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Crafts
Gourd Carving
Master gourd craftsman Ponciano Canto uses a burning technique to bring his etchings to life with a range of brown and black tones.
Master gourd craftsman Ponciano Canto uses a burning technique to bring his etchings to life with a range of brown and black tones.
Photo by Joshua Eli Cogan, Ralph Rinzler Folklife Archives

Since pre-Hispanic times, the basin of the Mantaro River, which runs from Jauja to Huancayo, has been rich in crafts and fiesta traditions. People from this valley, who are known as huancas, produce carved gourds, masks, jewelry, embroidery, ceramics, and textiles for the national and international markets. Many of these crafts have evolved from utilitarian to decorative since the introduction of highways and railroads from 1930 to 1950, which brought low-cost industrial products into the market.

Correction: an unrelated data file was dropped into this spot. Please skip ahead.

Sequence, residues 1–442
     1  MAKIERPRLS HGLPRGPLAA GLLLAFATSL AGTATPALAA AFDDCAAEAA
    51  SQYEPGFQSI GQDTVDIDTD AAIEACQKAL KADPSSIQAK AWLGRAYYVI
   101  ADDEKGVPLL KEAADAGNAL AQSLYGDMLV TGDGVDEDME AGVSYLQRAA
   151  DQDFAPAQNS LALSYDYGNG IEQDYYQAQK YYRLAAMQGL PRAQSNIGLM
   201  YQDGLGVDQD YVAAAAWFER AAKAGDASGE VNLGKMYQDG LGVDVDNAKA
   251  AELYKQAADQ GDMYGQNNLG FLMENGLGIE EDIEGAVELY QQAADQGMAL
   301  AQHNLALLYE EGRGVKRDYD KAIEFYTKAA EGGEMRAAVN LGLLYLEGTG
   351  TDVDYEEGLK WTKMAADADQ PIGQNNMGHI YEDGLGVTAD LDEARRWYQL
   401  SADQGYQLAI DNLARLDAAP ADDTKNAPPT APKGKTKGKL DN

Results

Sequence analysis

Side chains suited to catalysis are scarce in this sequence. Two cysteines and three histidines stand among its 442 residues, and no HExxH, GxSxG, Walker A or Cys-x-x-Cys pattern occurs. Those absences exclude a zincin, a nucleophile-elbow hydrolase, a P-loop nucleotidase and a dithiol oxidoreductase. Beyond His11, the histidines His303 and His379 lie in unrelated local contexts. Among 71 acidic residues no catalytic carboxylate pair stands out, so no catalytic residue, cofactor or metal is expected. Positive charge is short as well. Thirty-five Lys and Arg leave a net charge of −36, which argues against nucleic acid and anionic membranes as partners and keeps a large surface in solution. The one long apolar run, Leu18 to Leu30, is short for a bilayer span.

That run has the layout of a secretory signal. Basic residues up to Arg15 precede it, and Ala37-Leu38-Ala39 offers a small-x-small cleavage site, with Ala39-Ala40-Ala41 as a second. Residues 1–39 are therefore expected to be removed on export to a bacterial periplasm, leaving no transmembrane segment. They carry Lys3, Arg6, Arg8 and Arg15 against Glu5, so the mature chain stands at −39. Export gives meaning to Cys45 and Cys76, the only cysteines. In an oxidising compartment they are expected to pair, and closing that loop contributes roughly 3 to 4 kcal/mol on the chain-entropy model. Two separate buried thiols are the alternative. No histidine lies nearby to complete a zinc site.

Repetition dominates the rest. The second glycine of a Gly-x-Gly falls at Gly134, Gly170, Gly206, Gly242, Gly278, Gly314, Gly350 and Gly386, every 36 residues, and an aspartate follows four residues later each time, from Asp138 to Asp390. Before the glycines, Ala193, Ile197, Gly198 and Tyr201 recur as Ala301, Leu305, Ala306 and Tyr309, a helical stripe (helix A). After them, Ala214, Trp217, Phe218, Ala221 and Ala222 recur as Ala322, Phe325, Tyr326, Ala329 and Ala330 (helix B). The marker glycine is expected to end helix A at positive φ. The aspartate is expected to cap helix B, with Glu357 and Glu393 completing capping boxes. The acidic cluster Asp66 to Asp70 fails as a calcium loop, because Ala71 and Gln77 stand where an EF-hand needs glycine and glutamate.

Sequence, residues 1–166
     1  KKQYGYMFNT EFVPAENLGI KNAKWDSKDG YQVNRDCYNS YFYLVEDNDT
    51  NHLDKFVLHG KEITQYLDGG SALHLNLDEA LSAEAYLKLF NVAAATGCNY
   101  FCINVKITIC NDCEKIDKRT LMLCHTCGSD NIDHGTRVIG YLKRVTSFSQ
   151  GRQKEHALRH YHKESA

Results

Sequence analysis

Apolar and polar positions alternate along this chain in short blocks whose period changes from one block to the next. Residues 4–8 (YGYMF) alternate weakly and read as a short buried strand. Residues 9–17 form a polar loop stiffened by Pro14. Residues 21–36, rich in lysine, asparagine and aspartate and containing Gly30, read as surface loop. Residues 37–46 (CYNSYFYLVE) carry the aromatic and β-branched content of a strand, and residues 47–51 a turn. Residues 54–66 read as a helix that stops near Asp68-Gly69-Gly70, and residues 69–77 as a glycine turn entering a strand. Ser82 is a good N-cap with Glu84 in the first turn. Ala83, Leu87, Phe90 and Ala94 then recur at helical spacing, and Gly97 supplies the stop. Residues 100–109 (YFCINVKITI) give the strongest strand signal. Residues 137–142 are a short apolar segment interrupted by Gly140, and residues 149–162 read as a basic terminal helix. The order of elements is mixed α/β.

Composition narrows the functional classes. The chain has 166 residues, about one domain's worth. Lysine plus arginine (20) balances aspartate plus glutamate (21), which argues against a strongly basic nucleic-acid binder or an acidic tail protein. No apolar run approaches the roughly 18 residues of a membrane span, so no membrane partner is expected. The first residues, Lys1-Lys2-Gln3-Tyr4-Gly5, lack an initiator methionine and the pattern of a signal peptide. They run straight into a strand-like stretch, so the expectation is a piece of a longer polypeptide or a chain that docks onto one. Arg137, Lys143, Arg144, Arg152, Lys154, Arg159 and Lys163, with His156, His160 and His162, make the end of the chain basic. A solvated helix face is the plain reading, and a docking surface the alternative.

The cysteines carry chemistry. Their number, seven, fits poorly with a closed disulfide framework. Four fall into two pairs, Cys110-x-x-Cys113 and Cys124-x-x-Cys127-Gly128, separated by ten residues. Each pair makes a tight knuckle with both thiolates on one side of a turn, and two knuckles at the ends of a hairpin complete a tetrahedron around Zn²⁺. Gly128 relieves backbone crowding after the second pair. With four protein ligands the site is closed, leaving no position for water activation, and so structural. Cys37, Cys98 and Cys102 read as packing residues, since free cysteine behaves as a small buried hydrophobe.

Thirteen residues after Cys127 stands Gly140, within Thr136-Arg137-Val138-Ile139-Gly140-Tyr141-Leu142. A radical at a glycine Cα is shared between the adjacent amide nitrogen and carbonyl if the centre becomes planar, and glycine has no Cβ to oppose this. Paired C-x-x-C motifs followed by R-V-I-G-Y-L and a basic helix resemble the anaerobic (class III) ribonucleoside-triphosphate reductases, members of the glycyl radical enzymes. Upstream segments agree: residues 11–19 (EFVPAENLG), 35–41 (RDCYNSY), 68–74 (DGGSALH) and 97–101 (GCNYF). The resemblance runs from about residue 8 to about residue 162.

Carved gourds, or mate burilado, capture the imagery of the creators’ daily lives and traditions. In the late 1700s, mule drivers brought utilitarian gourds to the Andean town of Cochas Grande, where carvers pioneered several distinctive techniques. There are now many families of carvers in Cochas. The Canto sisters see great value in continuing their father’s craft as a way of preserving the local customs and stories of their family.


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